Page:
• If random thoughts are keeping you awake, keep a notepad by your bed so that you have a place to unload them until the morning.
  • Move your body with some exercise during the day, making sure to finish up at least three hours before going to bed.
  • Give relaxation exercises such as yoga, progressive muscle relaxation and deep breathing a try. Baby Centre has a great article on relaxation techniques for parents.

5. Miscellaneous suggestions

A few more handy hints include:

  • Avoiding heavy meals close to bedtime.
  • Snoozing for a maximum of 15- to 20-minutes during the day to help improve alertness, sharpen the mind and generally reduce the symptoms of fatigue.
  • Turning your clock to face the wall to prevent you from counting the minutes you are still awake.
  • Reminding yourself that this phase of your life will pass and that one day soon you will experience uninterrupted sleep once more.

Well, it’s time to practice what I preach, shut down the old computer and lie down on that thing with the mattress where you sleep. What’s it called again?

12 Responses to “Wakey wakey… Coping with sleep deprivation”

  1. Colline January 17, 2012 at 12:28 pm #

    What helped me a lot when I had a newborn and a 1 year old was sleeping whenever I could. I would try co-ordinate their daytime naps during the day so that they would sleep at the same time. And then I would sleep with them. The 45 minutes went a long way towards helping me catch up on my sleep.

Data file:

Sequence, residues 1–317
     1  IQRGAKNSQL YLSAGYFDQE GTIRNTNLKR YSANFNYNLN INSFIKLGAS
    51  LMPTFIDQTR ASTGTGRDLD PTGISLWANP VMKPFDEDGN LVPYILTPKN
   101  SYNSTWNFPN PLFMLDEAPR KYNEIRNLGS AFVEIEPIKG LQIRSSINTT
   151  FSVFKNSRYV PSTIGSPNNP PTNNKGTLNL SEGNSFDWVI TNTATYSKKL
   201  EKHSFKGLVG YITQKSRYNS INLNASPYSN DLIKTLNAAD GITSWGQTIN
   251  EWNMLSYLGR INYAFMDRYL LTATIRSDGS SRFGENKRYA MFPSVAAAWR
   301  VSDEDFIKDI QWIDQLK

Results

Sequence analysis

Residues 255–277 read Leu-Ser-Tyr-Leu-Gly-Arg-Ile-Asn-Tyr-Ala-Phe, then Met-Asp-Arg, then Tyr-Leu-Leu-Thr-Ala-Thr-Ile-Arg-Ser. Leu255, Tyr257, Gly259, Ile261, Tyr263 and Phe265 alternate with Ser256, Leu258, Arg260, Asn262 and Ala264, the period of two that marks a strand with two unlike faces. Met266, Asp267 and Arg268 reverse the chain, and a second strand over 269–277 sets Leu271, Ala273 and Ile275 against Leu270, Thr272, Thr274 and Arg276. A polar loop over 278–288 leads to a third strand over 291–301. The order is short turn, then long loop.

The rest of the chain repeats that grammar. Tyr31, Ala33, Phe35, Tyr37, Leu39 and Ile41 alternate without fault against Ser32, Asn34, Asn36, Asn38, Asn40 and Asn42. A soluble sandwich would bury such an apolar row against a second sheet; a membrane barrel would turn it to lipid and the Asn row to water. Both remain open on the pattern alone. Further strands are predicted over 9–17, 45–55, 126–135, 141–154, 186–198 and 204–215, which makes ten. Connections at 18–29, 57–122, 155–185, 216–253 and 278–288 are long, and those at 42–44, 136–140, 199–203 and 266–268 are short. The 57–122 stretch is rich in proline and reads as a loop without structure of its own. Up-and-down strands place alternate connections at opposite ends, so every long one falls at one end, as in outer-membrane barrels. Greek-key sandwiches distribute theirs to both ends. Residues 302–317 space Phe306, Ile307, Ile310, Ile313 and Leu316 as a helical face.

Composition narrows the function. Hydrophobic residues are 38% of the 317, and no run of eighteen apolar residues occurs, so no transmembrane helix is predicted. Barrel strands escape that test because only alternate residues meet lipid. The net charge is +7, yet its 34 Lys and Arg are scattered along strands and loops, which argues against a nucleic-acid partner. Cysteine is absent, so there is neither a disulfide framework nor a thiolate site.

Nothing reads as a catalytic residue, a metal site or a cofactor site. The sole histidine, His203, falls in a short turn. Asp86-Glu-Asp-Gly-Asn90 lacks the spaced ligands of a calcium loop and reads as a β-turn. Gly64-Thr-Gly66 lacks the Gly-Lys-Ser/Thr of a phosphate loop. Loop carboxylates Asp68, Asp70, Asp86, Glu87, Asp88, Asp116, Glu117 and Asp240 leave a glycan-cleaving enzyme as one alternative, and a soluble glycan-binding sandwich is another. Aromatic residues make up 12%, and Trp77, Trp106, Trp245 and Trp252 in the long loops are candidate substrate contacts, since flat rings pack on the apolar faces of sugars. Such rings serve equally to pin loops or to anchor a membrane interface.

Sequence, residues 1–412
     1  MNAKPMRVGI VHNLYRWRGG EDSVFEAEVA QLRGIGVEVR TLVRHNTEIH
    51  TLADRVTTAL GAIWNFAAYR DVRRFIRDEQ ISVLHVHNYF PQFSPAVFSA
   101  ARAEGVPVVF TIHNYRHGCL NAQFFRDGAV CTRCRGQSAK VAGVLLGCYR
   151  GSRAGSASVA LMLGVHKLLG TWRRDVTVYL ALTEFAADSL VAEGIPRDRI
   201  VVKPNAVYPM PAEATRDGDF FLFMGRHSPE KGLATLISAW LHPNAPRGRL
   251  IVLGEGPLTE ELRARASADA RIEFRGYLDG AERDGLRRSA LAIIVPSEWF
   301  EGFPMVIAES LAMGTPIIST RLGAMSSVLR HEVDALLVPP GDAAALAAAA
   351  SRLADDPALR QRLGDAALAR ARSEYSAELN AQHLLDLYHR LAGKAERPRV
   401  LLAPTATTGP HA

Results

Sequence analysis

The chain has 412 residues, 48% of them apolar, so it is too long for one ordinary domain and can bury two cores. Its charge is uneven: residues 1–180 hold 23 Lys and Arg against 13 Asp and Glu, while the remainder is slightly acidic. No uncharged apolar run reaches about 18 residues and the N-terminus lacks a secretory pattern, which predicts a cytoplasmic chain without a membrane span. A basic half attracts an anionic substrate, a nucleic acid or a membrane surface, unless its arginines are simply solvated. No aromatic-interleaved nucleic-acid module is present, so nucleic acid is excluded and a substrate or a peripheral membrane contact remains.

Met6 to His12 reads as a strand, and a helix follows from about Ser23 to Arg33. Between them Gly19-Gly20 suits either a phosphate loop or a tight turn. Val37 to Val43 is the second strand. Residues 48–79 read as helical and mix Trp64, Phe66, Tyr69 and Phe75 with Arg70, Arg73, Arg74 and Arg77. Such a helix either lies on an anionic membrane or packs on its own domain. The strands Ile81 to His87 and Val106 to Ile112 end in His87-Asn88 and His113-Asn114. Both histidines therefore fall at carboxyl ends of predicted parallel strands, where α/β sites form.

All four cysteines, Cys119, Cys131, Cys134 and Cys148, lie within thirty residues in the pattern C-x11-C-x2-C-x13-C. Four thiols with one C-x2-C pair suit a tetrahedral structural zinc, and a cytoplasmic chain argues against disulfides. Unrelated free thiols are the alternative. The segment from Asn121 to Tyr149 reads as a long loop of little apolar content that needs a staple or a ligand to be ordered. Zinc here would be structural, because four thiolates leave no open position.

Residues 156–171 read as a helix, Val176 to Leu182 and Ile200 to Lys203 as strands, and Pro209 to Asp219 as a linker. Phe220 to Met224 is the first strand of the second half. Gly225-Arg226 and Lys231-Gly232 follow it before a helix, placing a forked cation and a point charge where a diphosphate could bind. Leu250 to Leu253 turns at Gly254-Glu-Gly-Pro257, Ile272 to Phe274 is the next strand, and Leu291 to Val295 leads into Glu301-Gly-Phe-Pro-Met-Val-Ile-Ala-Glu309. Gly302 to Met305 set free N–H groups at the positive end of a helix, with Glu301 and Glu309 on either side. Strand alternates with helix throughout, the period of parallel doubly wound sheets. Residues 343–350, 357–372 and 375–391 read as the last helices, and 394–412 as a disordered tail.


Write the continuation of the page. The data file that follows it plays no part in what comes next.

2. Tal Riff January 17, 2012 at 3:10 pm #

    Love your blog! So, so true. Sleep deprivation has been torture for me throughout this pregnancy, resulting in me having multiple breakdowns at work, at the doctor’s office, with my husband and my poor mom. And so I’ve decided to go on mat leave way sooner than I anticipated. Will it help me with what’s to come once baby arrives? I don’t know… I hear that’s a whole other type of exhaustion! Thanks for the tips. 😉


    • Ren Rubinstein @ PharmaMama.net January 17, 2012 at 10:37 pm #

      Thanks so much Tal. I too started my maternity leave earlier than anticipated. It was absolutely worth it for me. I spent so much time relaxing, sleeping, going to the movies, seeing friends, just doing all the things I knew I may not have a chance to do once bub arrived. These weeks are pretty much going to be the last time in a long time that you can make everything about you so enjoy and rest up!


  3. David Solomon January 18, 2012 at 6:20 am #

    Just brilliant advise!!


  4. dj January 18, 2012 at 6:24 am #

    wonderful blog


  5. bizbriefs January 23, 2012 at 12:02 am #